Work in Progress
Americana supergroup lay the foundations for enduring legacy
While the seeds for Glen Phillips’s new music enterprise might have been sown at Largo — Los Angeles’s spiritual home of music — the genesis of Works Progress Administration actually took place upon the stage of Santa Barbara’s The Lobero Theatre. Phillips had just returned from a sojourn through Europe, and his welcome home came in the form of an evening of music with friends. Joining Phillips on stage that night were Sean and Sara Watkins, Luke Bulla, Benmont Tench and Greg Liesz — Largo cohorts one and all.
The collective gelled immediately and threw forth a magical musical offering that still resides as one of the historic theater’s finest moments. Those in the audience were not the only ones to realize they were sharing in something special. The on-stage collective also quickly came to the same conclusion, and, when Pete Thomas and Davey Faragher subsequently joined the fold, the octet ventured into Jim Scott’s Los Angeles recording studio. Works Progress Administration recorded 17 songs in just five days, something that reflects the stature of the personnel involved.
Their collective talents encompass the likes of Toad The Wet Sprocket, Nickel Creek, Tom Petty and the Heartbreakers, Elvis Costello and the Attractions, and even Wilco. Phillips, Thomas and the Watkins siblings have also collaborated previously through Mutual Admiration Society. Given its pedigree, Works Progress Administration is a collective unlike any other. But, more importantly, it’s also the current point of focus of its constituents.
“We are all ambitious musically and would love it to do really well,” Phillips says. “And we will try to be savvy and careful as we want to put it out in a way that will work for everybody. Everybody feels a real sense of ownership. Even though some of the more seasoned cast members have been playing with these well-established and incredible bands for so long, I think it is exciting for them to be here and feel like they have a sense of ownership of this, too.”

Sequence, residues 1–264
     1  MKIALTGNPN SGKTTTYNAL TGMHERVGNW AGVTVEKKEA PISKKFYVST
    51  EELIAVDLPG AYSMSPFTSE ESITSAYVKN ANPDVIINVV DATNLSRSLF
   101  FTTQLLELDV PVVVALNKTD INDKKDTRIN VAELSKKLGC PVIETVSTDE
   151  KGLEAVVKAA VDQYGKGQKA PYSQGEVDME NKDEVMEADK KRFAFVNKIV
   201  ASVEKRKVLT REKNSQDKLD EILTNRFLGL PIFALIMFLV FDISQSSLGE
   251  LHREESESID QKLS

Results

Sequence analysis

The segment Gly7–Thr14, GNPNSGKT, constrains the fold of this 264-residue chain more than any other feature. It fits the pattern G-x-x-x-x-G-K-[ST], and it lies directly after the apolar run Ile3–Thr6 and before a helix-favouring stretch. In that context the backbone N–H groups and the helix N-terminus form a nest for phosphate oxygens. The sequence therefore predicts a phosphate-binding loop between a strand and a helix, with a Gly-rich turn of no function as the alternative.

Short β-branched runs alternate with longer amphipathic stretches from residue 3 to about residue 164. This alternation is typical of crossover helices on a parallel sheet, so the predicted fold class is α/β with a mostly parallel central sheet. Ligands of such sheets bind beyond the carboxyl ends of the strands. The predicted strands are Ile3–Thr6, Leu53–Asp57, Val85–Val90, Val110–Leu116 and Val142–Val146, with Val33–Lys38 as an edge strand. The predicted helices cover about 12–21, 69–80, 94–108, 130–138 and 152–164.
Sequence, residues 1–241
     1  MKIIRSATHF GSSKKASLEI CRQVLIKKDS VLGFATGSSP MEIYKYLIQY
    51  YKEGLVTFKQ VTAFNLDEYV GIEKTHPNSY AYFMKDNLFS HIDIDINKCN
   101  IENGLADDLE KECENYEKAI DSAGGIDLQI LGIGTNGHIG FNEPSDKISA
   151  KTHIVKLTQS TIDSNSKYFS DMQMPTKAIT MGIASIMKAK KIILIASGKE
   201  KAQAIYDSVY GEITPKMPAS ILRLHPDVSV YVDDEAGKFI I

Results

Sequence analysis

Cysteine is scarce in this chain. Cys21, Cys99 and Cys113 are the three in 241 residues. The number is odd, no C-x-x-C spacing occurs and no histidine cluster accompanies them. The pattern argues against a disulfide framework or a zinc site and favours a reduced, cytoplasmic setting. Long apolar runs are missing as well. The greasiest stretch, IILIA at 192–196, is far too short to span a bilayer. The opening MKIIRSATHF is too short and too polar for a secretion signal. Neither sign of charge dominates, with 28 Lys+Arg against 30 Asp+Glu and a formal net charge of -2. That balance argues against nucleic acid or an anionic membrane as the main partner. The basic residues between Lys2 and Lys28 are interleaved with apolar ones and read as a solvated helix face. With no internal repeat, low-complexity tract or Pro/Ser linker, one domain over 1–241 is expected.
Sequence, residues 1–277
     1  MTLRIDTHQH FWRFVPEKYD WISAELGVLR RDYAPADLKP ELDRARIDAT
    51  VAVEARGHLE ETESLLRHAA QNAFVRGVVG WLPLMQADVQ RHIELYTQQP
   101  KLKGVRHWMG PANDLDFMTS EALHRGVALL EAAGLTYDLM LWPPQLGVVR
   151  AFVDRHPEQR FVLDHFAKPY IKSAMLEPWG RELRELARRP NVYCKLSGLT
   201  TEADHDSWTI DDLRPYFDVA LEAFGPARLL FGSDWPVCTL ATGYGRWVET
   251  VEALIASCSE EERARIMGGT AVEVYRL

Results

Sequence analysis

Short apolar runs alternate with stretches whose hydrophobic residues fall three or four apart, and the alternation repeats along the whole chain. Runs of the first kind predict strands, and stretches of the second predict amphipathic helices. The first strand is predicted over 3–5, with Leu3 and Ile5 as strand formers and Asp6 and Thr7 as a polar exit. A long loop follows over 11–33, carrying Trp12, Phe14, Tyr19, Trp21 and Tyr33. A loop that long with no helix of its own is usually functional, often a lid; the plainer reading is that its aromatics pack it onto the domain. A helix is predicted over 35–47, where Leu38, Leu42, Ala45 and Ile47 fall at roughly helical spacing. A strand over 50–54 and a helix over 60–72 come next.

That sense of ownership has seen the ensemble out on the road supporting the recent release of their self-titled album. Molded around the core constituents — Phillips, Watkins and Bulla — the band welcomes whomever else might be available on any given night. It is a musical advocacy that ensures the experience remains unique — something both the recorded and live incarnations testify to. Works Progress Administration tackles an eclectic collection of musical offerings, both borrowed and born. Given the strength and depth of the musicianship present, the songs fittingly reflect an equal standing.
“The songs come from everywhere,” Phillips says about the origins of band’s material. “I have some songs on there, and I have also co-written one song with Luke and another with Sean. Sean has a couple of songs, and Luke has a song of his. Sara has sung some covers, and also one of Benmont’s called ‘The Price,’ which is a great song from his Heartbreaker days. And maybe it is just because it’s new, but it’s a really exciting thing to be a part of.”